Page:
As carefully and stoically and graciously as I could, I said, “I am 5 foot tall. This is the heaviest I have been since college. [Here he interjected: “Right. And I bet you feel better.”] No, I don’t feel better, you moron. If I gain weight, it’ll just be fat because I can’t move very much. I don’t care what I look like because I’m just trying not to die I don’t ever get dressed or leave the house, you condescending bastard. I can’t imagine using 10lb weights because I wouldn’t be able to leave the bed for weeks can barely lift my arms, but I’ll try increasing my steps. See you never.” He’d be happy to know that I have since gained another 5lbs from the gabapentin and, shockingly, I don’t feel any different except I am even more uncomfortable in my body than I was last month (and, no, Dr. Iseealotofyougirls, I don’t mean uncomfortable with how I look, I mean it is not comfortable to lose most of your muscle tone and gain 12lbs of fat in its place!)
3. The saga of the oral appliance (OA) for sleep apnea. Here’s the wrap up: I saw the orthodontist in April, waited over a month before being told I had to see a sleep specialist again for insurance to approve the OA, and then waited over ANOTHER month before being called in to fit the OA (a 2 hour appointment!). I slept with it in for 5 hours and woke up in extreme pain. Yes, it had the obvious repercussions, such as temporarily changing my bite and making my TMJ sore, but the big problem was pain stabbing into my top and bottom right canines. It felt like they had been drilled into without anesthetic. So, back to the orthodontist for another fitting, which ended in a decision to send the appliance back to the lab for tweaking. Milo’s Law: if it can go wrong, it will go wrong for me. It’ll be another 3 weeks before it comes back from the lab.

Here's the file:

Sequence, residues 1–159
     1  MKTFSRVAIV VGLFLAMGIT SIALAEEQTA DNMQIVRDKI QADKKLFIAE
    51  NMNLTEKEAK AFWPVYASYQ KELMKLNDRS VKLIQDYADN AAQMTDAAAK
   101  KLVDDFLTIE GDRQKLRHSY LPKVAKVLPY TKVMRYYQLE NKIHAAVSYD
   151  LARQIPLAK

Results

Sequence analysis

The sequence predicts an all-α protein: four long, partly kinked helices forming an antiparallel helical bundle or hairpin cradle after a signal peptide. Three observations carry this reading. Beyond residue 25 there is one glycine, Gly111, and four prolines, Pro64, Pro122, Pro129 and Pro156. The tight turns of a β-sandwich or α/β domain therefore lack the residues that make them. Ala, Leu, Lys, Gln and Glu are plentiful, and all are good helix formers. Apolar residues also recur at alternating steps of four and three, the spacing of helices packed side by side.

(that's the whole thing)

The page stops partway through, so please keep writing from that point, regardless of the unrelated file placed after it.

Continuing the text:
4. On a good note, after I saw my GP, she sent me a letter saying she was shocked by my decline and panicked to find something to help me and sorry the medical community is failing me and honored that I allowed her to take this journey with me. I wish I could reprint the letter here because it could restore some faith in medical professionals, but I want to be respectful of her privacy. She is leaving for her annual 2-month break, but is seeing me next week on her last day and is willing to run some new tests (finally!). I’ve researched nonstop for the last month, trying to decide what tests to request, but I’ve ended up more confused than when I started. I need to email her tomorrow with my list. If anyone has any advice, please let me know. I can always talk to her about additional tests at the appointment. Here are my thoughts: